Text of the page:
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American Indian Movement of Colorado

Spirituality • Self-determination • Solidarity • Sobriety
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Thursday, January 05, 2006

Message from Youth of the Peaks

To Youth, Parents, Elders:

To the Flagstaff City Council:

To the Arizona Snowbowl:

To the Flagstaff Police Department:

As Youth of the Peaks we wish to send greetings and good health to you! Welcome to 2006!

It is customary during this time to make a New Years resolution, to clear up bad feelings, mend relationships, and commit to new beginnings. With this New Year, we would like to once again ask Arizona Snowbowl to resolve to respect our sacred mountain, our culture, our people, and our community! The San Francisco Peaks are sacred to 13 indigenous nations and are an integral part of everyday life and worship. When Indigenous peoples pray at this sacred mountain, they pray for all of humanity. All of humanity is affected if the mountain is desecrated.

The Youth of the Peaks strive to build a world founded in justice, dignity, and peace. We strive to live life with more dignity, more respect, and more happiness. We are young people committed to learning about our cultures and traditions. We wish to know the songs, dances, ceremonies, stories, and knowledge that our elders can pass down to us. How can we understand this knowledge, honor and respect it if the sacred mountain is being desecrated?

We recognize and commend the Flagstaff Police Department for its own steps towards positive transformation. We look forward to seeing the new look (khakis and Polo shirts) and pray that with this change in clothes also brings a more positive approach towards youth and the diversity of our communities. We would like to offer our services in any way towards building a more culturally sensitivity department. We feel that it would be appropriate for indigenous elders and teachers to share with you cultural taboos, reflections on racism, colonization, culture and traditional histories.

We ask the Flagstaff City Council to make a New Years resolution to honor sacred sites and to listen to the voices of the Indigenous peoples of this land. We ask the City Council to please say No! to selling reclaimed wastewater to Arizona Snowbowl. By doing this you will show the world and the people of this community what it means to have respect for the diversity of spiritual practices rather than compliance to cultural destruction for the dollar. Yet, a healthy economy can also support cultural diversity. Flagstaffs economy is driven by indigenous people from the labor to shoppers. If the City of Flagstaff sells this reclaimed water to the Arizona Snowbowl it will have a hand in desecrating one of the most sacred sites to 13 indigenous nations. What message will that send to the Indigenous peoples of this land who are a major economic base to Flagstaff? What message will that send to all peoples of faith in this community? This is a time for healing and reconciliation, not furthering of injustices.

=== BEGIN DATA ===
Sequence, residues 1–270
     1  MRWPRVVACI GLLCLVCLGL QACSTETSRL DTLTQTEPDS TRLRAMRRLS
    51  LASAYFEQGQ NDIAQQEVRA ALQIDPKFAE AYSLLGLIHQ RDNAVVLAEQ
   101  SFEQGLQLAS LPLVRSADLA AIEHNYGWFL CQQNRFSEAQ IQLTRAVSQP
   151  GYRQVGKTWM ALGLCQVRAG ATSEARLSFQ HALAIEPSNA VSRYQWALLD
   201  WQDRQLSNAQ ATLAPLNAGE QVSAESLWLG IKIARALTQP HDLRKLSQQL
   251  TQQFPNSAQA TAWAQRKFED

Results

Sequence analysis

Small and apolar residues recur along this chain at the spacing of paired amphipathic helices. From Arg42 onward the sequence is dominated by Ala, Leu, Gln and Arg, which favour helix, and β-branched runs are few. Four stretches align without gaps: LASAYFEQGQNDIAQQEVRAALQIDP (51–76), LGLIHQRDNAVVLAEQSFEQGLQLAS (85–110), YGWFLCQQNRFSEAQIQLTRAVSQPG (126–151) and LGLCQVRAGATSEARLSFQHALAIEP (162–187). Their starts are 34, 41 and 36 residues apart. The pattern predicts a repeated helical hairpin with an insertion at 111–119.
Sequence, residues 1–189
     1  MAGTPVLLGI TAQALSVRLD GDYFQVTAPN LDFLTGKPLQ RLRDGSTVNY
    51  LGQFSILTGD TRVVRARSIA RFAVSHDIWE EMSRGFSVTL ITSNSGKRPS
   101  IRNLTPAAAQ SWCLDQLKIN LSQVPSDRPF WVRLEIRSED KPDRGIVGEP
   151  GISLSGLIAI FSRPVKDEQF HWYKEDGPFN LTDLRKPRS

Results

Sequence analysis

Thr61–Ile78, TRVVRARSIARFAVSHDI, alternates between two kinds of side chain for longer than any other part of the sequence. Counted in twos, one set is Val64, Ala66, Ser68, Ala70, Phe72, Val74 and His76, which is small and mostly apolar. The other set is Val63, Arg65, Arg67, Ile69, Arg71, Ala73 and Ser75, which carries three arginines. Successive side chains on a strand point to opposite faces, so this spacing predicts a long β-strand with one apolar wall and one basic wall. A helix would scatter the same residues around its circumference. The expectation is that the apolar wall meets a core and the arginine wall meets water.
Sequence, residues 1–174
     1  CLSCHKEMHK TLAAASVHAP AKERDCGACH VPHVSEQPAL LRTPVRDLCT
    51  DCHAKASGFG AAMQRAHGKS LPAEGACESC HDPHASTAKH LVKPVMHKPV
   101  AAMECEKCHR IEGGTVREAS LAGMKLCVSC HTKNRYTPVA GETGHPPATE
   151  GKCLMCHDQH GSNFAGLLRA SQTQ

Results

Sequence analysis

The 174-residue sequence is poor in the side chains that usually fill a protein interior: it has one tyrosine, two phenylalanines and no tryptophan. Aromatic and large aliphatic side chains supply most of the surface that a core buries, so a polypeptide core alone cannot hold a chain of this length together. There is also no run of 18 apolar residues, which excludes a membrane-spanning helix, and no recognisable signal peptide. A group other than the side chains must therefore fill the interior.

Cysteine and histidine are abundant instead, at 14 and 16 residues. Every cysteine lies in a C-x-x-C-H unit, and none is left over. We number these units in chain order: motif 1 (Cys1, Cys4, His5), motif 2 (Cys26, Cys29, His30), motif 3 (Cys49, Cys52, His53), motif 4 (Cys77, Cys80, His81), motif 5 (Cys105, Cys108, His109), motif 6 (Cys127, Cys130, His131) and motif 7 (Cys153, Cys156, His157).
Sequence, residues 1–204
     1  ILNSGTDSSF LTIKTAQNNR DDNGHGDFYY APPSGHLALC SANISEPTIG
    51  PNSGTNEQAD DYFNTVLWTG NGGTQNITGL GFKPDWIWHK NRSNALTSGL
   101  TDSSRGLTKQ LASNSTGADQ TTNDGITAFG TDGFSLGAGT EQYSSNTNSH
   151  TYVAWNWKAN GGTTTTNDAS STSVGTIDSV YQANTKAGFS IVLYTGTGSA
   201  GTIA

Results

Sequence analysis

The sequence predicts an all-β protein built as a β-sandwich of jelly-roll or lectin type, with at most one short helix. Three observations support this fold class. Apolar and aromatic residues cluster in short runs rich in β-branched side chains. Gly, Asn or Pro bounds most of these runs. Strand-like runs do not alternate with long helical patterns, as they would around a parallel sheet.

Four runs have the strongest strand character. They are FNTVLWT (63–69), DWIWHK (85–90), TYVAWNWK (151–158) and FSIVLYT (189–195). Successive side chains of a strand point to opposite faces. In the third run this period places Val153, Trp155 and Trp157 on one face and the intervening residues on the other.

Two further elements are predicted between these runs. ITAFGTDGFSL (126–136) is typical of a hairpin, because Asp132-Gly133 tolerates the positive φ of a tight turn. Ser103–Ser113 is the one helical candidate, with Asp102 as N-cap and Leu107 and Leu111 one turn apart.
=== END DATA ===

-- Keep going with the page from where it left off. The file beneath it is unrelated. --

We wish to thank our parents for their continued support. We ask our parents to continue giving us the love we need to maintain our efforts to protect our culture. This is a cross-generational movement built on families supporting one another and passing the torch to their children to continue to work for a better world. Again, we thank our parents for their support; we could not have made it through the past few months trials and tribulations without the love and care of our parents. We invite all families to join our efforts.

We further wish to thank our Elders for their continued support. For spending time to teach us to grow as people and maintain our strength. We attempted to honor all that our elders have given us by hauling wood for many of them. We will continue to show our appreciation by maintaining these types of humble efforts. We want our elders to know that we are here to listen to you, to learn about our cultural and traditional knowledge. We know we need the guidance our elders provide. Protecting our sacred mountain, preserving our culture, defending the health of our Earth, and strengthening our community can only be achieved with the blessings and teachings of our elders. We want to learn more about our traditions and culture. We want our elders to know that we are here to help support them. We want our elders to know that our commitment to them will never cease and it will only grow.